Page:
Women do all the work, but men call the shots—especially when it comes to the really big money.
That's one picture of the foundation world that emerges from the Council of Foundation's new study, 2014 Grantmakers Salary and Benefits Report, which offers the most in-depth look available at foundation staff and leadership.
Here's the finding that jumped out at me:
In 2014, women represented three-quarters of reported grantmaker staff, but just over half of CEOs. Among grantmakers with $1 billion or more in assets, women accounted for just over a quarter of CEOs (28 percent).
What we have here is a good news/bad news story. The good news is that half of all foundations have women CEOs, except for the really large foundations (and there's under 100 such places.) I don't have the comparative stats handy, but I can't imagine that half of CEOs are women in many other sectors. So that's something.
The bad news, obviously, is that this figure is anything but impressive when you consider the composition of foundation staff. As well, the difficulty for women of ascending to the very top of the foundation world, and running the biggest grantmakers, says something important. It's not that there's a glass ceiling, since over a quarter of those foundations are run by women, but rather that boards and living donors do seem more inclined to trust men with the truly big pots of money. Either that or not enough strong female candidates apply for those positions.
This gender gap isn't problematic merely on principle. There's serious money at stake. COF's study finds that the "median reported salary for full-time CEO/CGOs was $160,000 in 2014, while for program officers it was $80,553."
So, yeah, climbing up that last rung makes a big difference financially. And that difference is even bigger at major foundations, where CEOs often pull down salaries in the mid-six figures.
What's going on here? Why does a foundation world that is primarily staffed by women not have more equity at the very top?
Well, let's start with the most obvious possibility: sexism. A Foundation Center study a few years ago found that "Foundation board members in 2009 were most likely to be white, male, and over age 50, regardless of foundation type or size." Family foundations do a little better in this regard, but as Rick Cohen wrote a few years ago in NPQ: "It's a man's world on foundation boards."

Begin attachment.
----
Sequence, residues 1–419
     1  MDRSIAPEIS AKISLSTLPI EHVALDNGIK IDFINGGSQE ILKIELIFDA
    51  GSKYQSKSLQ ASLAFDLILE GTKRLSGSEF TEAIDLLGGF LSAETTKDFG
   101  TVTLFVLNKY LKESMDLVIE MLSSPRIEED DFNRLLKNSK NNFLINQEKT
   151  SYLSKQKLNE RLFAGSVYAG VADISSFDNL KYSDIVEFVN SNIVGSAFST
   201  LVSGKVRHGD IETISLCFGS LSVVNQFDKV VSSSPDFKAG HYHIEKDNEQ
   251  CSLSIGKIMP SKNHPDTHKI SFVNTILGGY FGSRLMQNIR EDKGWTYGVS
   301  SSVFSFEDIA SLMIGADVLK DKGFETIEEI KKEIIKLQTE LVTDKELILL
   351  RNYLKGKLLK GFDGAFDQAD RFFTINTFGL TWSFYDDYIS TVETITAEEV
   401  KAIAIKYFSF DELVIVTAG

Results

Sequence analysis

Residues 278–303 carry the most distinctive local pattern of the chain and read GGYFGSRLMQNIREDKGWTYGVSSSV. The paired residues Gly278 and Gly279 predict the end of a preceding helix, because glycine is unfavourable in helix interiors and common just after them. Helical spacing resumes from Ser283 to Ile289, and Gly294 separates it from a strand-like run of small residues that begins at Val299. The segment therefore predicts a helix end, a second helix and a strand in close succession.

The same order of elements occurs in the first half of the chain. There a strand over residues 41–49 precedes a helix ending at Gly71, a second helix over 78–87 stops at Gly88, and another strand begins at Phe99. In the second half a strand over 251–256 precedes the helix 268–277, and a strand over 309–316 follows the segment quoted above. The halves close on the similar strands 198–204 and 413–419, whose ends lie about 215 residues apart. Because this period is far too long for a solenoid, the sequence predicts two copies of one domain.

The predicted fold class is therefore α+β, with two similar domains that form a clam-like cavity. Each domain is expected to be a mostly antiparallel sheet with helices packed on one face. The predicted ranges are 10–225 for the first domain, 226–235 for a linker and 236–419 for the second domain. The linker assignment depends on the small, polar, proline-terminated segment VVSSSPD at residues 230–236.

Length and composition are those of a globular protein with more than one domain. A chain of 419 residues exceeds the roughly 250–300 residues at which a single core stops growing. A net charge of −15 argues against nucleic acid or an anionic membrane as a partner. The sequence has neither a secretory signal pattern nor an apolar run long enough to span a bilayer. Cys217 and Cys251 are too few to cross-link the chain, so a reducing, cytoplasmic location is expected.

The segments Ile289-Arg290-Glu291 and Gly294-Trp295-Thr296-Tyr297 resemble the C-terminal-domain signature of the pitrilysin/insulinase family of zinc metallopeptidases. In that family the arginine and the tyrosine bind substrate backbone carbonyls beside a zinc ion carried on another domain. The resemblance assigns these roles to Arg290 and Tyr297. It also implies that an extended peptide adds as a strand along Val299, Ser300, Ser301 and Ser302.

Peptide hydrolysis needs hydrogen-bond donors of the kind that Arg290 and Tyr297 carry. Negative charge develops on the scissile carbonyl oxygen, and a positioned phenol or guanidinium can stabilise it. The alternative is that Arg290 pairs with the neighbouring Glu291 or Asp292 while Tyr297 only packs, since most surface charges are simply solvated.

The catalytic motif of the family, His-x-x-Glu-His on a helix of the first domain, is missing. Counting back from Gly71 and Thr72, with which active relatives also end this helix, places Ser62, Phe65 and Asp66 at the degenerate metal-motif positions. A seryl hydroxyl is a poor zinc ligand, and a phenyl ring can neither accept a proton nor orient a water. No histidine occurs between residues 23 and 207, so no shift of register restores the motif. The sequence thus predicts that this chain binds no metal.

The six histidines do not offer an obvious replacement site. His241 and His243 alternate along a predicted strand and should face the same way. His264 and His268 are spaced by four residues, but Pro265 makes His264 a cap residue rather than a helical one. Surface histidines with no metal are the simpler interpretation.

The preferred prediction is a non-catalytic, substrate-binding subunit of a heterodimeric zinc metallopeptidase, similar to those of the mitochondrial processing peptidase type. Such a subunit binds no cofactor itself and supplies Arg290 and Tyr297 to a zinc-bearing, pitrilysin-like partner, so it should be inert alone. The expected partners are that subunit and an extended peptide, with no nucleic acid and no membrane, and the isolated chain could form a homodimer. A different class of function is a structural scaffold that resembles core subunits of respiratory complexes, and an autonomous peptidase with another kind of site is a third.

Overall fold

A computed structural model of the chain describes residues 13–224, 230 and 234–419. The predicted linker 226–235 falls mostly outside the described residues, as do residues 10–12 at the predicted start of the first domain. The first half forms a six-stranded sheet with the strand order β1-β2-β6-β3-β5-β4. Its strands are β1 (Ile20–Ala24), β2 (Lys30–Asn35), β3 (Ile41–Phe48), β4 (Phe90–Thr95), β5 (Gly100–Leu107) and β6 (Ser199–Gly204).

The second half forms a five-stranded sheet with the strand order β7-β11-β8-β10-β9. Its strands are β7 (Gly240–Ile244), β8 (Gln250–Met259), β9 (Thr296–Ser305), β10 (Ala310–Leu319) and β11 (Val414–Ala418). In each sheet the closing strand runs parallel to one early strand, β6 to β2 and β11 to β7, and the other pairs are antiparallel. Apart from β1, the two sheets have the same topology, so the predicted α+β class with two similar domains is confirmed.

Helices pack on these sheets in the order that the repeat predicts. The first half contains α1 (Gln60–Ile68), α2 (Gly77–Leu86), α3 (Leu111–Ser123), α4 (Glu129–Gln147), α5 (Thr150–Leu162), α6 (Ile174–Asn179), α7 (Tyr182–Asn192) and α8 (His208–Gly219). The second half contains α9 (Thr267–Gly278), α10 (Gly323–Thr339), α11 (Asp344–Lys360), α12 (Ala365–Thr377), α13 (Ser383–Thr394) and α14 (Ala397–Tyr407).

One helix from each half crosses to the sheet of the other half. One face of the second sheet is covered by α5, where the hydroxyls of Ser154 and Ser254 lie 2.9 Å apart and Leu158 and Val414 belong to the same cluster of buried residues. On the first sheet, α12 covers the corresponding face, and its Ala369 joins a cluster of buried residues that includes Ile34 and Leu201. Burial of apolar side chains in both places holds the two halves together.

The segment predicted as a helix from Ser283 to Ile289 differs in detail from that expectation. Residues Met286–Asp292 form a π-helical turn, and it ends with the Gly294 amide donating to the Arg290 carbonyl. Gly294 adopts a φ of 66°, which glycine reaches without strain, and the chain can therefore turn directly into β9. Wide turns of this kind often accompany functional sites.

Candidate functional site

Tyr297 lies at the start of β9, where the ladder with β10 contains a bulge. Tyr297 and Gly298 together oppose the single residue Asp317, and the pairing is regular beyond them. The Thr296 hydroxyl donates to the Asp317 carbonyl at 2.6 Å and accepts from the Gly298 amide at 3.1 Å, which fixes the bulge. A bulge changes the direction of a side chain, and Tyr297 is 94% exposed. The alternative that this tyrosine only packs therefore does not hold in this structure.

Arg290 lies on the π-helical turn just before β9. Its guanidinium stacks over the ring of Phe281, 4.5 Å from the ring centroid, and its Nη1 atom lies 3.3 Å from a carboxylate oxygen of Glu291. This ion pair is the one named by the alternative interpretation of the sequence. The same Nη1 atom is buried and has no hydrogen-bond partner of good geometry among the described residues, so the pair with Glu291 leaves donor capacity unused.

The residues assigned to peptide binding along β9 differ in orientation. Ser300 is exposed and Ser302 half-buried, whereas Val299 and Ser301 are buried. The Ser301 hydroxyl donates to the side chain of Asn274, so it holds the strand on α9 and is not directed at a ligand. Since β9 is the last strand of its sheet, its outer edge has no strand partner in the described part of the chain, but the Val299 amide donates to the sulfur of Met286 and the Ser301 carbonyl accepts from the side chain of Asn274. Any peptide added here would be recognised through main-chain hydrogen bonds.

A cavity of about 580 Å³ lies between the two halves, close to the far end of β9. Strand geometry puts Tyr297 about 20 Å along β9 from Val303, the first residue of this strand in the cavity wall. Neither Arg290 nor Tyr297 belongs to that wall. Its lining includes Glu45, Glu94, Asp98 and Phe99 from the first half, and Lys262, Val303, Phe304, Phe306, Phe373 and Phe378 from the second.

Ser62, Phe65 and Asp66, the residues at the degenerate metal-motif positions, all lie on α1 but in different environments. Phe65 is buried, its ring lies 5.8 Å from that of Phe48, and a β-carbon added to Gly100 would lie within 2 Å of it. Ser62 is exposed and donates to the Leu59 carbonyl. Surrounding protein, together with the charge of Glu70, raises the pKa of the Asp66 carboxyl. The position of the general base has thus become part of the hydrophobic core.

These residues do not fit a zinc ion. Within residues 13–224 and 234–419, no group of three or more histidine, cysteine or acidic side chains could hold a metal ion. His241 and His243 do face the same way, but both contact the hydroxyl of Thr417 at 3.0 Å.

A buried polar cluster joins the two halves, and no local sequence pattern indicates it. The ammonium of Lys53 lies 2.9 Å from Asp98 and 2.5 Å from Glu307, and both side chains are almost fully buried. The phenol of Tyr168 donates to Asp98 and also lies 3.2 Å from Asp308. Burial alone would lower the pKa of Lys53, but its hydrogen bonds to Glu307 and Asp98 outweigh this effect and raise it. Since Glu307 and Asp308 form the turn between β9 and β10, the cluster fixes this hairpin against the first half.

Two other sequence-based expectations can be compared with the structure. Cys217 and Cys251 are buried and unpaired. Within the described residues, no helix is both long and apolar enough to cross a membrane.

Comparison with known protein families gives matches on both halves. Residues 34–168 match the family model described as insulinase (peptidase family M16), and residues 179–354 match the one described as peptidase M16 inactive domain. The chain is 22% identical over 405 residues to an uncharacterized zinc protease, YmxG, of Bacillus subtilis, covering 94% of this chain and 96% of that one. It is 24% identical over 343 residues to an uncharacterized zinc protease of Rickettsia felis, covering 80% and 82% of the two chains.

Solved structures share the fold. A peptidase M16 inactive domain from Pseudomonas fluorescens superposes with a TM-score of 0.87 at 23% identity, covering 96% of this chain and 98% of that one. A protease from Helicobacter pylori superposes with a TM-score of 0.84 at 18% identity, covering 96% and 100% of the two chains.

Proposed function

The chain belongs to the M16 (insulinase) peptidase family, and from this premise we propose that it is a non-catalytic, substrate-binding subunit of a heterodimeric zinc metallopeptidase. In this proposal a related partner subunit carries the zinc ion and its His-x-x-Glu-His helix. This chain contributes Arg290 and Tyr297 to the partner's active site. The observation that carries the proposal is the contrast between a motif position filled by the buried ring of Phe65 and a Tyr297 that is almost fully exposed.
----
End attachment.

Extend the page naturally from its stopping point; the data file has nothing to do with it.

And here's big surprise: White guys over 50 are more likely to put their trust in... white guys over 50.
It's worth mentioning that most philanthropic fortunes are created by men, and often men who've risen to the tops of industries without many women CEOs. Just look at our lists of top donors from tech and finance, where a lot of the new philanthropy is coming from these days. There's not a single woman billionaire on the finance list and only one or two on the tech list.
At some level, it's not so surprising that if men make most of America's fortunes, women are underrepresented at the top of the sector that's giving away that money.
Of course, legacy foundations are a different deal, as the patriarch is long gone. Still, many have male-dominated boards, as I said, and those boards may be more inclined to hire men. We still live in a time, remember, that worships the kind of systemic, mechanistic, and hierarchical thinking most associated with men and diminishes the kind of collaborative and empathetic thinking often associated with women. Never mind that male leaders have presided over any number of gigantic screw-ups (like the 2008 financial crisis) and that a growing body of research suggests that women leaders are actually more effective.
Moving beyond the sexism explanation, the next possible reason for why more women aren't at the tops of foundations is that they're less inclined to take the personal hit those jobs entail. That explanation is heard often whenever the subject of women and leadership comes up, and there's a complicated and emotional debate on this. Just look at the explosion that surrounded Anne Marie Slaughter's Atlantic article, "Why Women Still Can't Have It All"—and then Sheryl Sandberg's de facto rebuttal, Lean In.
I don't want to wade into that swamp, so let's just end on a simple note: A good place to start addressing gender equity in top foundation jobs is in boardrooms.